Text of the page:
More than 175 years of excellence
The origins of the Royal Institute of Technology in Stockholm – "Kungliga Tekniska Högskolan", KTH – go back to 1827, as the "Teknologiska Institutet" then began to offer education in technological subjects with a strong professional touch. Its education programme was meant to be "popular as well as practical", as the industrialization process of modern society was then getting under way; this called for a school that could meet the ever-increasing demand for engineers. Thus the educational focus of the new institute was set on applied technology, not on its scientific foundations.
Even then, this approach was an anything but uncontroversial one. When viewing the early history of KTH, this clash between industrial and academic perspectives was in fact seen as a constant element of concern, as the desire to give scientific authority to the subject of technology collided with society´s demand for a practical approach to engineering in all its aspects.
However, these two approaches were not incompatible, not even in the 19th century! Basic research and practical engineering did often cross-fertilize each other in those days also. An example of this was chemistry on an industrial scale; the scientific explanations of its processes were then arriving one by one. Another was electricity, originally a subject area of purely scientific interest, which was becoming something most useful in everyday life.
Thus the new school of technology was able to maintain good relations with the industrial establishment without having to renounce the academic aspect. One step on its way to academic status was that of introducing, in 1877, the name Kungliga Tekniska Högskolan (in Swedish "högskola" is synonymous with university). By and by, systematic research activities were undertaken, and the students at KTH were subjected to the requirement of completing a final degree paper. Formally, the final academic recognition of KTH as an establishment of higher learning arrived in 1927, when its right to confer the degree of Doctor of Technology was promulgated.
Ten years earlier, in 1917, KTH had moved into its own, specially erected buildings in the northern part of central Stockholm. This is still the core of KTH´s main campus, even if our activities today include a number of other campuses all over the Stockholm provincial area. The housing areas of these are now comprising some 250,000 square metres in all.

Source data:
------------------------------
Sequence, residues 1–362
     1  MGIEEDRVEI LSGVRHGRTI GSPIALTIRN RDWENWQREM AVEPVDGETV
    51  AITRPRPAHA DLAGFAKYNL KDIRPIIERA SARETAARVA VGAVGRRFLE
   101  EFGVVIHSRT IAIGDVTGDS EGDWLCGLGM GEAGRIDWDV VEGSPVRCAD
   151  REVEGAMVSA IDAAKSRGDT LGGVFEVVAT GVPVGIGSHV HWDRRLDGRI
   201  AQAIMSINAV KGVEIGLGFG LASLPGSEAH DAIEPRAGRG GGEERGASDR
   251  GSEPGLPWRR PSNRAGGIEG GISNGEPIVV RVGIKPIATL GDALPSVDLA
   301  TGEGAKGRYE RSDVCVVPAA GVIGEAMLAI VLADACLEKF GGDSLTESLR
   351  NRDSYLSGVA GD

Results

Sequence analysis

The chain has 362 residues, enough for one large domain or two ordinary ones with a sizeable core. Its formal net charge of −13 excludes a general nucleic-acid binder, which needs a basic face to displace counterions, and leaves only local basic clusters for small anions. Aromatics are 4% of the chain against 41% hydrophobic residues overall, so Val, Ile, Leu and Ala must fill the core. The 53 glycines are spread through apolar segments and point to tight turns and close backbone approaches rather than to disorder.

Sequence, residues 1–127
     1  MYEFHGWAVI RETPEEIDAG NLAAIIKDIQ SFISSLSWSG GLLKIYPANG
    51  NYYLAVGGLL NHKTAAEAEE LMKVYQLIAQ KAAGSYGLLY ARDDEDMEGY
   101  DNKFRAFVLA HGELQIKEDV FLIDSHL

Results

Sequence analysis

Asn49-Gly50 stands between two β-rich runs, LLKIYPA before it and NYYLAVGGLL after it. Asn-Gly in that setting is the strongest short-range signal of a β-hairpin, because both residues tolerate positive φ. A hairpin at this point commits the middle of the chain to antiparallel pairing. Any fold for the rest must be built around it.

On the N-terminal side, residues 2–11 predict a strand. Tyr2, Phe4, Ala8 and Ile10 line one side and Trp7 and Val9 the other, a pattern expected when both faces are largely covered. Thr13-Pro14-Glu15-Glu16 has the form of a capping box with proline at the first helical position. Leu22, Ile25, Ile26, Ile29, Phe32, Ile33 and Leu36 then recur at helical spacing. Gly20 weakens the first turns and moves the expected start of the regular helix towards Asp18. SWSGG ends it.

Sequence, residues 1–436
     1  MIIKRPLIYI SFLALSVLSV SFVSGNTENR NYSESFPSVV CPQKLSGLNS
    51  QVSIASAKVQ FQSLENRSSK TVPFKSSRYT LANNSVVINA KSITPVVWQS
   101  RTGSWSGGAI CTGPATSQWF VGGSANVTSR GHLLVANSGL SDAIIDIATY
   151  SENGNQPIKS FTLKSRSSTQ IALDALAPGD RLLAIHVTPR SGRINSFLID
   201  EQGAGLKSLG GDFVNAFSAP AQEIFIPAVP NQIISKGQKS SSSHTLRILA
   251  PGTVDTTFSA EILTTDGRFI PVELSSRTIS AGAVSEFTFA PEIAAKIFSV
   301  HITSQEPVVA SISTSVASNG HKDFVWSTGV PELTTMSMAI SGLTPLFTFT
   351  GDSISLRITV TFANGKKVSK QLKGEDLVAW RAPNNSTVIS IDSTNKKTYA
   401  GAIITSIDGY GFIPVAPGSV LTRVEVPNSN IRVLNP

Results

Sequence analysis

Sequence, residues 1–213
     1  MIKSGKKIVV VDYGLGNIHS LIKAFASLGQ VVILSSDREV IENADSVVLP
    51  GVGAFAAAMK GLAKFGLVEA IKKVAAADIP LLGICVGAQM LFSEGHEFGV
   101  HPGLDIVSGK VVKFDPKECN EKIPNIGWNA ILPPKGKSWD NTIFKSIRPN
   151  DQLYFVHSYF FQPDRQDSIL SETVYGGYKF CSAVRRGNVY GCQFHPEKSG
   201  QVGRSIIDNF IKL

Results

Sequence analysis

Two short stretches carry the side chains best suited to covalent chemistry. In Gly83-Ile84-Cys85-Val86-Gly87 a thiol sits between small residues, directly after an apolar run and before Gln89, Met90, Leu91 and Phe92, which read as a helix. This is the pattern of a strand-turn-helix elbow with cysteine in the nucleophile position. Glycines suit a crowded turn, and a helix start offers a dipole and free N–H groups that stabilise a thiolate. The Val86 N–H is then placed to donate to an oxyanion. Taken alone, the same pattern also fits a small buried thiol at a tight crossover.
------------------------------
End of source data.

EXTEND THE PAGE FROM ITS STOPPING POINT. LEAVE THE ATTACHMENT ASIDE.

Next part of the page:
KTH has always been in a state of growth. As the School of Mining was incorporated in KTH in 1867 the four established main branches of study became those of Mining Science, Mechanical Engineering, Chemical Technology & Engineering and Civil Engineering. Other subject areas have then been constantly added – Building Architecture in 1877, Electrical Engineering in 1901, Naval Architecture in 1912, Surveying and Engineering Physics in 1932, Computer Science in 1983, and Industrial Economics in 1990.
Just as the great variety of subject areas have undergone changes, so have the attitudes in society towards "the engineers". This has obviously had effect on KTH, too. In the early 1900s the word "progress" was on everyone´s lips, "technology" and "modernity" were prestigious words, and the engineering profession was one of high repute, synonymous with a safe path towards personal and social success.
Consequently a mass of students did compete for placements here at KTH – the place of action, where things occurred! In the early 1950s Sweden´s first nuclear reactor was installed in a cellar in our campus area, while on the other side of the street, higher up, Sweden´s very first TV station went on the air! In short, public confidence in the blessings of technology was of a high order.
However, a counter-reaction was in the making, as in the 1960s and ´70s the negative effects of industrial production were brought into the open. The public debate became one of nuclear power or not, of ruthless exploitation of nature and of the increasingly menacing development of the war industry. As a result of this darkened world outlook, interest in technological professions dwindled.
Even so, the battle for technology has been a winning one in the long run. Thanks to this very knowledge of their own negative effects, the fields of technological research and study have been favourably reshaped towards greater openness and a new sense of responsibility. This process has also been helped by the steady influx of new subject areas. With each one of these being added, and new technologies becoming part of Swedish everyday life, new crowds of KTH undergraduates have appeared. In the last ten-year period, such new subjects as biotechnology and IT have assumed strategic positions in modern social life as well as in KTH´s lecturing halls.
Here at KTH about 20,000 people today are active as students – of every description and background, and of both sexes. The traditional picture of the KTH undergraduate as being a male seems to be a die-hard one, however, today´s development towards greater equality, and a number of KTH efforts to that very effect, have paid off handsomely. A lot of things have changed materially since 1921, when admission to the regular programmes at KTH first became available to everyone, irrespective of their sex.
As we entered the new century, about one-third of the first-year students here at KTH were women. This is a good start, but the university executive wishes to push this issue still further. Its ultimate target is to widen people´s active interest in technology on the whole, so that all the different factors today distorting the choice of profession – sex, social background, ethnic background, etc. – are eliminated.